Some people share a PC with multiple users, and each user has it’s own mess of files. They also have separate Recycle Bin’s. When a user deletes a lot of stuff, it sits in the Recycle Bin until it is emptied. Some users don’t know that you need to empty the bin occasionally. Here is a quick command line tip to empty all the Recycle Bin’s on your PC – without having to log into the other users accounts. This could also be scripted if you want to have the Recycle Bin emptied when logging in or off, if you wish.
1. Launch the Command Prompt as an Administrator. Start > All Programs > Accessories > Command Prompt (you can press Right Shift and left click the shortcut and select Run as different user, if needed).
2. Type in rd /s c:\$Recycle.Bin and select Y to delete all the files in the Recycle Bin.
The first window is not using an elevated CMD prompt, the second is using Run as different user as Administrator.
This can help you keep your PC clean and stop your hard drive from filling up completely if you have a user that forgets to empty the Recycle Bin!
With the invention of Microsoft’s UAC (User Account Control), users were no longer Administrator. At least, not the full blown administrator. Windows now operates on the more secure least needed privledges. If you’d like to enable the built-in Administrator account, which is hidden by default, follow these few easy steps.
1. Open a Command prompt. You can go to Start and type CMD and press enter.
2. Type net user administrator /active:yes.
3. This will activate your Administrator account. To verify that it has indeed done just that, go to the Control Panel > User Accounts. You should see the Administrator account enabled and ready for use.
Microsoft includes a component in Windows 7 called the Customer Experience Improvement Program that sends back usage data along with error information you may encounter. Microsoft has dedicated a page to answer any questions and details what the program is all about. Some people, however, would rather keep any and all information on their PC without sending anything back to Microsoft. Personally, I take part in these programs to help with future versions and updates to the software. For those that want to disable it, here is how.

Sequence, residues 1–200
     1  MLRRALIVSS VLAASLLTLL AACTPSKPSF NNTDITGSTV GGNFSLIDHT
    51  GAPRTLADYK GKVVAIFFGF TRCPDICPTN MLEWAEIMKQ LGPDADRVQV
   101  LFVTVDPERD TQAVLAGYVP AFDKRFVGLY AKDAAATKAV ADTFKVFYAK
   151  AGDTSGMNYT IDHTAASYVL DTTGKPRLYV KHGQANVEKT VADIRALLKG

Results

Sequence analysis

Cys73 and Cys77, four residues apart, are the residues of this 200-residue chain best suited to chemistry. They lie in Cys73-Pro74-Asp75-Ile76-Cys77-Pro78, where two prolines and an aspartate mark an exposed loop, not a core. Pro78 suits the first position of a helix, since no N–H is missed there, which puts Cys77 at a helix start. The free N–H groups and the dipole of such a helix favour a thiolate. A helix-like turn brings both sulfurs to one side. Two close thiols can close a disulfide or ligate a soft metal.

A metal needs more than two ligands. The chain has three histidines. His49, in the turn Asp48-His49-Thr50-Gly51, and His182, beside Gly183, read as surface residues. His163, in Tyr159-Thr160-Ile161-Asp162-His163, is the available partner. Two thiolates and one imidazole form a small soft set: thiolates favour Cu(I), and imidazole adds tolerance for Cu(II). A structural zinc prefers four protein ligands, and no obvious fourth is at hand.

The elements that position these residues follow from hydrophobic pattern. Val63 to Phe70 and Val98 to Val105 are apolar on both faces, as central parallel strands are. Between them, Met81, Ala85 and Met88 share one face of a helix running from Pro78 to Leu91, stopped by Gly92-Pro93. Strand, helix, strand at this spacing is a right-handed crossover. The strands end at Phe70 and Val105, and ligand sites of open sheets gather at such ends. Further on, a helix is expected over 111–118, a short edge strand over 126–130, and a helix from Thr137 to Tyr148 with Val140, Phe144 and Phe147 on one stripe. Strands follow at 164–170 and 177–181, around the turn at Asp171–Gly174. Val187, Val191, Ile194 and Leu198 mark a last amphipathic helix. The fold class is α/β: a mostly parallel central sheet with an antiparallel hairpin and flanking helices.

1. Open the Start menu, and type Customer Experience Improvement Program. Click on the first entry (it may appear before you finish typing).
2. Select “No, I don’t want to participate in the program.”. Then click “Save Changes“.
Thats it. To enable or re-enable the feature do the same thing, but select the first option.
With the release of Vista came the demise of the built in Telnet command. You can add it again using the Programs and Features tool in the Control Panel, but here is how you can do it with a single command.
1. Open a Command Prompt with administrative permissions. Start > All Programs > Accessories > right click Command Prompt and select Run as Administrator.
2. Type (or cut and paste) dism /online /Enable-Feature /FeatureName:TelnetClient and press enter.
3. Telnet is now available in Windows.
Credit for this tip goes to Steve Sinchak from Tweaks.com.
There are times when Windows takes a long time to start up or shut down, with nothing to show what it’s doing. With a simple registry hack, you can enable verbose output which will let you know what the system is doing when it is starting up or shutting down. Here’s how.
1. Open Regedit (Start, type regedit and press enter).
2. Navigate to HKLM > Software > Microsoft > Windows > CurrentVersion > Policies > System.
3. On the right pane, right click and select New > DWORD (32-bit) Value.
4. Name the new value VerboseStatus and press enter.
5. Double click the new VerboseStatus key and change the value to a 1. Click OK.
6. Exit Regedit and restart your PC to see the changes.